Good morning, RVA! It's 33 °F, and highs today will stick around in the mid 40s. Looks like seasonally appropriateish colder weather is back!
Mark Robinson at the Richmond Times-Dispatch has the early shortlist of supporters and opposition to Mayor Stoney’s proposed meals tax increase. We don’t have a ton of truly regional groups in town, mostly due to how Virginia’s independent cities system is weird, but the Chamber and the Realtors are two that we do have, and having their support early seems like a good sign for the Mayor’s plan. I know it’s literally only been a couple of days since he proposed the tax increase, but I’d love to start hearing about some of the things the City could do to make life as a restaurant easier.
Oh snap, now read this piece by Piet Jones in Richmond Magazine about how restaurants are having a hard time finding qualified staff. Whose job is it to noodle on how City policy can help with this?
Mark Robinson also has the news that another of the mayor’s senior policy advisors has left the Administration to move on to other things. There’s about to be gallons of new blood surrounding the mayor, and I’m suuuuuuper interested in who ends up taking these jobs. SUPER interested!
A Mark Robinson update trifecta! He was at Kim Gray’s BRT construction impact meeting yesterday and has some quotes that you can probably predict at this point. I cannot fathom a way we’d reliably calculate which businesses were negatively impacted by BRT construction and which were negatively impacted by, say, the increase in the cost of gasoline, pastry trends, or any old thing. Additionally, once the Pulse opens, a lot of these businesses will sit ultra adjacent to the best, most high-quality transit we have in the entire region. And finally, there’s a sentence in this article about taking operating funds from GRTC and giving them to business owners. GRTC is chronically underfunded. We spend less per capita on public transportation ($49.21) than many of our peers: Memphis, $49.64; Indianapolis, $57.34; Nashville, $78.43; Charlotte, $106.74 (data via the National Transit Database). Freaking Memphis funds public transit more than us! The thought of taking what little money we have to run bus service—service that provides folks with critical access to jobs, education, healthy food—and giving it to business owners does...not make me very happy. However, I’m not a totally cold and unfeeling monster: Maybe we can get that same person whose noodling on the restaurant industry to noodle on businesses in the Pulse Corridor? Here’s a free idea I stole from Indianapolis: small, low-interest loans. End transit rant!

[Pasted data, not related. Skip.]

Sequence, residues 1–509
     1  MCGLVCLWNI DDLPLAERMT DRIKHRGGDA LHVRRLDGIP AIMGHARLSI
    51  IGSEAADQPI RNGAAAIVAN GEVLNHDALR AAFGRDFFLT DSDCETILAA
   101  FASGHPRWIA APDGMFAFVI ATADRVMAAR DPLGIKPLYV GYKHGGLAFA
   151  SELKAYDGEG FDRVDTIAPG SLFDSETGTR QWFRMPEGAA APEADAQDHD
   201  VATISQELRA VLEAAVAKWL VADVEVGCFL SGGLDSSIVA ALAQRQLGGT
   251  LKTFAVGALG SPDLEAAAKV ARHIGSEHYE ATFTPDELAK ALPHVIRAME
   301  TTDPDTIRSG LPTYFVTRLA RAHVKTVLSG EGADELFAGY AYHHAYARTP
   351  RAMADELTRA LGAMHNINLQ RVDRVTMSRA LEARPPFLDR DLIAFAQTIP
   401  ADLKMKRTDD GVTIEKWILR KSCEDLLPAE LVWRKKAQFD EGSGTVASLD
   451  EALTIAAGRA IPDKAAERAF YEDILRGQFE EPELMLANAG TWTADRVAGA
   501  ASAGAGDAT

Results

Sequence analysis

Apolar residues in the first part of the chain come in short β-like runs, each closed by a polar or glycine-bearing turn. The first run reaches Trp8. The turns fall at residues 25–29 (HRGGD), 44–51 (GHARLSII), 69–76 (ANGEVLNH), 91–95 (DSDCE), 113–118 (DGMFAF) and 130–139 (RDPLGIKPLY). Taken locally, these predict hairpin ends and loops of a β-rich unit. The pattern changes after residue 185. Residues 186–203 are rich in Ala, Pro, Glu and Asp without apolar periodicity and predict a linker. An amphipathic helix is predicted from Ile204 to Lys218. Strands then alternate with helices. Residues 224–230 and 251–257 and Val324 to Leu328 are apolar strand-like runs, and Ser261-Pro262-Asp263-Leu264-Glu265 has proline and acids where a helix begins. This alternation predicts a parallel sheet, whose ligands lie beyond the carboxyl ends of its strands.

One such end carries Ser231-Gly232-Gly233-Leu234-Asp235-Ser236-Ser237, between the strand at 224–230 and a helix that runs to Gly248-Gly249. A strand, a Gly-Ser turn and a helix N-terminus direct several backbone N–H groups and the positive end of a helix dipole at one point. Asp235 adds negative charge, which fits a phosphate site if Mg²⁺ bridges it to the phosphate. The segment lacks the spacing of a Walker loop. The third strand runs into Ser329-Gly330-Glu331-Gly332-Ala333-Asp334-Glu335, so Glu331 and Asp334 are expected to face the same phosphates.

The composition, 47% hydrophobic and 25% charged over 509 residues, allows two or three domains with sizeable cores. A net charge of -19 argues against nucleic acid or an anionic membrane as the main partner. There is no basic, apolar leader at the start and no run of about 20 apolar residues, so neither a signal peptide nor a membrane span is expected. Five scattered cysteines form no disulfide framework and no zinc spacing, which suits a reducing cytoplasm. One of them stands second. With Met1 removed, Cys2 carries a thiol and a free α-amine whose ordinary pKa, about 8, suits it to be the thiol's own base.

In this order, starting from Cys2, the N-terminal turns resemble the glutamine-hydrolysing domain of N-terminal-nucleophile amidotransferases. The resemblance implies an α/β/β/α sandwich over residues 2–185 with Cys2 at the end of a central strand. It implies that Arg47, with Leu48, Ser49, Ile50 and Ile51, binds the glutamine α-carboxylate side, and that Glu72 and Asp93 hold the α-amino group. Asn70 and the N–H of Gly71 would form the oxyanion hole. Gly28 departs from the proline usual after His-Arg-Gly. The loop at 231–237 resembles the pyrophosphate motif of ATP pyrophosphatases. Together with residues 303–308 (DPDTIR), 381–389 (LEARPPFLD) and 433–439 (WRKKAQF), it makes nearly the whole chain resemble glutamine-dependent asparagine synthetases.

The Rebel Craft Rumble sounds awesome and kind of like Junkyard Wars but with way less war and way more art. Paul Spencer has the details in Style Weekly. Teams can still sign up; the Rumble takes place this Saturday at Hardywood.
- Spiders picked up a 77-73 overtime win against Duquesne. That makes four in a row for the Spiders.
This morning's longread
Gentrification is complex, but there’s lots of ways to understand cultures you’re not familiar with that aren’t instantly calling the cops.
When low-income neighborhoods see an influx of higher-income residents, social dynamics and expectations change. One of those expectations has to do with the perception of safety and public order, and the role of the state in providing it. The theory goes that as demographics shift, activity that was previously considered normal becomes suspicious, and newcomers—many of whom are white—are more inclined to get law enforcement involved. Loitering, people hanging out in the street, and noise violations often get reported, especially in racially diverse neighborhoods.
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